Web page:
Hand washing during COVID-19

Hand eczema in the time of COVID-19

Dry, cracked and itchy hands have become a reality for many of us during the COVID-19 pandemic. The frequent use of alcohol-based hand sanitisers, application of harsh soaps and incorrect hand washing techniques can lead to skin irritation and may lead to the onset of hand eczema.

What is hand eczema?

The term hand eczema refers to an inflammatory condition involving the skin of our hands and is characterised by dry, red and itchy skin. Hand eczema is a multifactorial condition that can easily be overlooked or ignored during its early phases. The first signs are dryness and itchiness. If left untreated the skin progressively becomes more dry, cracked and inflamed.

Why is it important to know about hand eczema?

Healthy skin functions as a barrier that protects us from our external environment. Eczematous skin represents a compromised skin barrier and potentially allows easy access of micro-organisms, irritants and allergens from our external environment into our skin.

When microorganisms enter our skin it can lead to infection. Irritants that come into contact with our skin can serve as an ongoing trigger for inflammation which prevents repair of the skin barrier and ultimately predisposes us to the development of allergies. Being aware of potential triggers and modifying our hand care routine can be key in preventing the onset of hand eczema and its sequelae.

How can hand eczema be prevented during COVID-19?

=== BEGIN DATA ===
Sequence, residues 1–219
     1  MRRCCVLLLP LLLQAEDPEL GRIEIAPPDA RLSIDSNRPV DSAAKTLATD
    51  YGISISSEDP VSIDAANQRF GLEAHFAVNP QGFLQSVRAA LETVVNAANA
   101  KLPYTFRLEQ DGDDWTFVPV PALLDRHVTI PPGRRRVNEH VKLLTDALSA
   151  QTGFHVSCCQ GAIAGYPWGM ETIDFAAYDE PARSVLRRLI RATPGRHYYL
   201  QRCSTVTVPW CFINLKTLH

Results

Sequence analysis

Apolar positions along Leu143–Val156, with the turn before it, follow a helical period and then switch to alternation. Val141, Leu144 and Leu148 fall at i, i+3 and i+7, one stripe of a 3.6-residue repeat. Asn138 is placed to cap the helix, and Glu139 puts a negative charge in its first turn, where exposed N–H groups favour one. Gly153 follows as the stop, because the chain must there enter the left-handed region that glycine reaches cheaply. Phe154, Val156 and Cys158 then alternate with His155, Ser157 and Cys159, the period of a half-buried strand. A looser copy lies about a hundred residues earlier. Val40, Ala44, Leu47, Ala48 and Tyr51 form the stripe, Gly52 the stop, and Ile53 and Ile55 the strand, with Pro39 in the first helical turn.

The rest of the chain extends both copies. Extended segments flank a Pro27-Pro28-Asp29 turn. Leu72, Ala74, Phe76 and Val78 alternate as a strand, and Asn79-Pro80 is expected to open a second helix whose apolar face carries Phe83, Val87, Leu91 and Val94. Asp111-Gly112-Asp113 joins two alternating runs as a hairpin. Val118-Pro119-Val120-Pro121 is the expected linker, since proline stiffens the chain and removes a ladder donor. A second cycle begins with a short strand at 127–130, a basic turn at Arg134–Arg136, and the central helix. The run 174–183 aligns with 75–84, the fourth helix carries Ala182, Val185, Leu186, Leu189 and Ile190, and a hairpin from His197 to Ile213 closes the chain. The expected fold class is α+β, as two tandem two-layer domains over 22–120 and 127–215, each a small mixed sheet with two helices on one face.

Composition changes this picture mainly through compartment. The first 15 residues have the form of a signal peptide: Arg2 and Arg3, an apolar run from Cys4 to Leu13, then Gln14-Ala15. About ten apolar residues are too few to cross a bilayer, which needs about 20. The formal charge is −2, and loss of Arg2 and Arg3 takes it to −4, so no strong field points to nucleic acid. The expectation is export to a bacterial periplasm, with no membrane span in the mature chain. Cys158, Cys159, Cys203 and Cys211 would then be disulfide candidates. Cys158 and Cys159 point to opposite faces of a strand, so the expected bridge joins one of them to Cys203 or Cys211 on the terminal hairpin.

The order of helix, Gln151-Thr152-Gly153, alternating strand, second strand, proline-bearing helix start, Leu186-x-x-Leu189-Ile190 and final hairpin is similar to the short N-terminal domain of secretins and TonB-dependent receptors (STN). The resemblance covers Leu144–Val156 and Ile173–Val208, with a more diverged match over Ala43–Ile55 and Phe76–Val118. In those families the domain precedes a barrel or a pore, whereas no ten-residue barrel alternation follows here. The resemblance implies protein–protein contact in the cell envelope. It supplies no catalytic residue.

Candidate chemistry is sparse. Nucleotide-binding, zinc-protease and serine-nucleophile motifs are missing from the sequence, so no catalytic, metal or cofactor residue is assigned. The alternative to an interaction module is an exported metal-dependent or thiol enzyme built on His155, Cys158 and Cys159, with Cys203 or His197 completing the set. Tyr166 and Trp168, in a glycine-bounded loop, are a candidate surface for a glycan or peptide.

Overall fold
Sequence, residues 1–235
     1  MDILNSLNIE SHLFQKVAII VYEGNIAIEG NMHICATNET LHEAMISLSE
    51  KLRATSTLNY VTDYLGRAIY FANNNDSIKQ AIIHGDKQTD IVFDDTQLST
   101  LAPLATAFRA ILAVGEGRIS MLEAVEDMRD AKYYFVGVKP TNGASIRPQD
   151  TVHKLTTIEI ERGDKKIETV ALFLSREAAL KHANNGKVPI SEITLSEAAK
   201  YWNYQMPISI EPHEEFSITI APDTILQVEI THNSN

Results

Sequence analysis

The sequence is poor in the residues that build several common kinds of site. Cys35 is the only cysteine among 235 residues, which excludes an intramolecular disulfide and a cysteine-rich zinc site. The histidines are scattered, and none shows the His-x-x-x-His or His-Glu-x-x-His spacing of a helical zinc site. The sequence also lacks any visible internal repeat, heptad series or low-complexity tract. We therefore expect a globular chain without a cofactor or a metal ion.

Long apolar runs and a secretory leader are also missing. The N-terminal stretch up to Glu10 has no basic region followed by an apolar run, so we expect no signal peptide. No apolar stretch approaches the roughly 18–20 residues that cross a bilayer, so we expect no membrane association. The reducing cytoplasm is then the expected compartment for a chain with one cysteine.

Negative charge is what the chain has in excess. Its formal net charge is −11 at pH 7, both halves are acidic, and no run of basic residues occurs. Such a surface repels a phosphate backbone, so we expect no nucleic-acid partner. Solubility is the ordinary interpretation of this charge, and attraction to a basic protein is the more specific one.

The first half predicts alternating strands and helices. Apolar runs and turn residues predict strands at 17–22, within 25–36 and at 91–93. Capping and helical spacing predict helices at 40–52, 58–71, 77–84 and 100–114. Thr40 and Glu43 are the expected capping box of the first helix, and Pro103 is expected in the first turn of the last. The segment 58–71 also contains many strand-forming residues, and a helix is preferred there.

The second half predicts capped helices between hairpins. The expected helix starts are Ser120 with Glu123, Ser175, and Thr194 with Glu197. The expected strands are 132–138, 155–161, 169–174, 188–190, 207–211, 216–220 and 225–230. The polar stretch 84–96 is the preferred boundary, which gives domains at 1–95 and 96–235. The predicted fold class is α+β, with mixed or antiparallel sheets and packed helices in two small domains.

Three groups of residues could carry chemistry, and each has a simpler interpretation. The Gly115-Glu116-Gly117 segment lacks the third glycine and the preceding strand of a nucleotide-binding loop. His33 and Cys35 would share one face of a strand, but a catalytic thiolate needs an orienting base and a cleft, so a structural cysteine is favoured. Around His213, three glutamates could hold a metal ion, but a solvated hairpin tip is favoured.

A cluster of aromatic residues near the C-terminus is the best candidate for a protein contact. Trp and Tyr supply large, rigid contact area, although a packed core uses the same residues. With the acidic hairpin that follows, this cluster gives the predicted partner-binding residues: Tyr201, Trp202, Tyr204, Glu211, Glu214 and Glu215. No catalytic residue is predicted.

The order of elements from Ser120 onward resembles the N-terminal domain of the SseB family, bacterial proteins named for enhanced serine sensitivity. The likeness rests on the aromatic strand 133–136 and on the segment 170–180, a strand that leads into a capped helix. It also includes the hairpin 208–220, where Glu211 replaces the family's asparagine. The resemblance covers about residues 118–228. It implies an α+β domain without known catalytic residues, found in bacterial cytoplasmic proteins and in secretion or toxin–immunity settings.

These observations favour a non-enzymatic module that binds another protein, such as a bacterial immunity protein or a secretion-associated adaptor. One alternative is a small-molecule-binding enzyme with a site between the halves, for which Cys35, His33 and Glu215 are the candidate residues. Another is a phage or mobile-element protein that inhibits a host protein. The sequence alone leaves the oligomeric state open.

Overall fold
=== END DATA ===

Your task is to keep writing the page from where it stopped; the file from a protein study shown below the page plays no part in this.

Washing our hands is imperative in helping to prevent the spread of COVID-19. The American Academy of Dermatology has highlighted important and practical tips for keeping our skin healthy and hydrated while continuing regular hand washing:

  1. Use lukewarm water – Wash your hands with soap and lukewarm water for at least 20 seconds.
  2. Moisturise immediately after washing your hands – Pat hands dry, then rub a pea-sized amount of moisturiser over your hands.
  3. Use moisturisers with mineral oil or petrolatum – Look for ointments and creams (the ones you squeeze out of a tube) as these are more effective than products that you pump out of a bottle.
  4. Choose fragrance- and dye-free moisturisers – These are less irritating for your skin.
  5. When soap and water are not available, use hand sanitiser – The CDC recommends using hand sanitiser with at least 60% alcohol. Since these can be drying, apply moisturiser after your hands dry.
  6. Continue washing your hands, even if they feel dry – Washing your hands can remove harmful bacteria and viruses.

Practicing a good hand care routine is key to ensuring that our skin and bodies stay healthy. If you are concerned that you may be suffering from hand eczema that is not responding to the regular use of emollients, please contact your dermatologist.